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  1. #1
    Symbolic Herald Vasilisa's Avatar
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    Default The Dark Side of Emotional Intelligence

    The Dark Side of Emotional Intelligence
    ADAM GRANT
    JAN 2 2014
    The Atlantic

    Excerpt:
    * * *
    Since the 1995 publication of Daniel Goleman’s bestseller, emotional intelligence has been touted by leaders, policymakers, and educators as the solution to a wide range of social problems. If we can teach our children to manage emotions, the argument goes, we’ll have less bullying and more cooperation. If we can cultivate emotional intelligence among leaders and doctors, we’ll have more caring workplaces and more compassionate healthcare. As a result, emotional intelligence is now taught widely in secondary schools, business schools, and medical schools.

    Emotional intelligence is important, but the unbridled enthusiasm has obscured a dark side. New evidence shows that when people hone their emotional skills, they become better at manipulating others. When you’re good at controlling your own emotions, you can disguise your true feelings. When you know what others are feeling, you can tug at their heartstrings and motivate them to act against their own best interests.

    Social scientists have begun to document this dark side of emotional intelligence. In emerging researchled by University of Cambridge professor Jochen Menges, when a leader gave an inspiring speech filled with emotion, the audience was less likely to scrutinize the message and remembered less of the content. Ironically, audience members were so moved by the speech that they claimed to recall more of it.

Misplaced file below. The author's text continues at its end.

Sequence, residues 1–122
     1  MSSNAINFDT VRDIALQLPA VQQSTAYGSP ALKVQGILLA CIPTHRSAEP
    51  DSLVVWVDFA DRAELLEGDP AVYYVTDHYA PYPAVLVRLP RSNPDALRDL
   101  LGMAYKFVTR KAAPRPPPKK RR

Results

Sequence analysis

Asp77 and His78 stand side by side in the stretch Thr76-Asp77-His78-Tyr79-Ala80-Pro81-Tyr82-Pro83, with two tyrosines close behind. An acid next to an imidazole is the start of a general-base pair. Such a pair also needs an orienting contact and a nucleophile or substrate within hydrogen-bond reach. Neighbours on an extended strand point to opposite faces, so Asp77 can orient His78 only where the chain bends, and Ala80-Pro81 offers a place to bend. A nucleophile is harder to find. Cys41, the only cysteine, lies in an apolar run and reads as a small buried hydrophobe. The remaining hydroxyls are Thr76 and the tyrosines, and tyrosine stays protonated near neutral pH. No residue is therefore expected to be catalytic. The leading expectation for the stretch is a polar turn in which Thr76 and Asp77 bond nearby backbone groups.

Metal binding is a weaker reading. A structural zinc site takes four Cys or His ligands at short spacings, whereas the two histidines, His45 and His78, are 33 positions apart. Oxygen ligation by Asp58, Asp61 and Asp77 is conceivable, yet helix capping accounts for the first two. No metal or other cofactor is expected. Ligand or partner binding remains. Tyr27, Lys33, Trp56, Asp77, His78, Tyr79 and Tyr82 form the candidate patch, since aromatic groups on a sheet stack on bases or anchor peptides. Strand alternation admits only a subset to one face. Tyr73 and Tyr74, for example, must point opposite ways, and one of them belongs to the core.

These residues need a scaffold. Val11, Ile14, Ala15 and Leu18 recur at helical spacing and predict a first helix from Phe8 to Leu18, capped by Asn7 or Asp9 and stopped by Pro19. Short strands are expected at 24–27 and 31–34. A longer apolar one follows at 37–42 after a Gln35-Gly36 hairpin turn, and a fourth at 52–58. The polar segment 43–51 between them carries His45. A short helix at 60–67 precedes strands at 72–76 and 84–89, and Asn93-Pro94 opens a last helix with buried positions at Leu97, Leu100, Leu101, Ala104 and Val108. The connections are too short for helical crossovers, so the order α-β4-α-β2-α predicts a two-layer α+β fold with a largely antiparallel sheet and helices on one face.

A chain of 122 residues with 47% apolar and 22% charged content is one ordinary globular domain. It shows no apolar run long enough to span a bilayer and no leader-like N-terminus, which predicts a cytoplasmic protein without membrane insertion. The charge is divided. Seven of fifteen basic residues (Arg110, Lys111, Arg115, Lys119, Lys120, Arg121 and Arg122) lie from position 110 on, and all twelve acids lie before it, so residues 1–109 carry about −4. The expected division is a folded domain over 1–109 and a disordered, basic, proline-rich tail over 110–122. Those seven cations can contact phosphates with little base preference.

The authors call this the awestruck effect, but it might just as easily be described as the dumbstruck effect. One observer reflected that Hitler’s persuasive impact came from his ability to strategically express emotions—he would “tear open his heart”—and these emotions affected his followers to the point that they would “stop thinking critically and just emote.”

    Leaders who master emotions can rob us of our capacities to reason. If their values are out of step with our own, the results can be devastating. New evidence suggests that when people have self-serving motives, emotional intelligence becomes a weapon for manipulating others. In a study led by the University of Toronto psychologist Stéphane Côté, university employees filled out a survey about their Machiavellian tendencies, and took a test measuring their knowledge about effective strategies for managing emotions. Then, Cote’s team assessed how often the employees deliberately undermined their colleagues. The employees who engaged in the most harmful behaviors were Machiavellians with high emotional intelligence. They used their emotional skills to demean and embarrass their peers for personal gain. In one computer company studied by Tel-Aviv University professor Gideon Kunda, a manager admitted to telling a colleague “how excited we all are with what he is doing,” but at the same time, “distancing my organization from the project,” so “when it blows up,” the company’s founder would blame the colleague.